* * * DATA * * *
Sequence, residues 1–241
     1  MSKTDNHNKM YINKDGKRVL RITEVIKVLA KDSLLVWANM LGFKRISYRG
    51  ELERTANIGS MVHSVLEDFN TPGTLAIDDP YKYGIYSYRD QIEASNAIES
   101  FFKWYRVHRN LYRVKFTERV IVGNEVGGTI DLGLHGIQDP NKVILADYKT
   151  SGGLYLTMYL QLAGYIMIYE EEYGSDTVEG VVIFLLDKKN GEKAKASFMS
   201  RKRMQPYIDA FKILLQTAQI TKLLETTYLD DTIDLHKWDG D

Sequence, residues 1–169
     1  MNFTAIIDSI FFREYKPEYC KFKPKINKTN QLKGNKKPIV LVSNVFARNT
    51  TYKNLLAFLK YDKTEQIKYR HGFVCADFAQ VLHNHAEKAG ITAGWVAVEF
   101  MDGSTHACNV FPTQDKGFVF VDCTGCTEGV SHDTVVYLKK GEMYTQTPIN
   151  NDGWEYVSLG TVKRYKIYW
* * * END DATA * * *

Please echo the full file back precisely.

Sequence, residues 1–241
     1  MSKTDNHNKM YINKDGKRVL RITEVIKVLA KDSLLVWANM LGFKRISYRG
    51  ELERTANIGS MVHSVLEDFN TPGTLAIDDP YKYGIYSYRD QIEASNAIES
   101  FFKWYRVHRN LYRVKFTERV IVGNEVGGTI DLGLHGIQDP NKVILADYKT
   151  SGGLYLTMYL QLAGYIMIYE EEYGSDTVEG VVIFLLDKKN GEKAKASFMS
   201  RKRMQPYIDA FKILLQTAQI TKLLETTYLD DTIDLHKWDG D

Sequence, residues 1–169
     1  MNFTAIIDSI FFREYKPEYC KFKPKINKTN QLKGNKKPIV LVSNVFARNT
    51  TYKNLLAFLK YDKTEQIKYR HGFVCADFAQ VLHNHAEKAG ITAGWVAVEF
   101  MDGSTHACNV FPTQDKGFVF VDCTGCTEGV SHDTVVYLKK GEMYTQTPIN
   151  NDGWEYVSLG TVKRYKIYW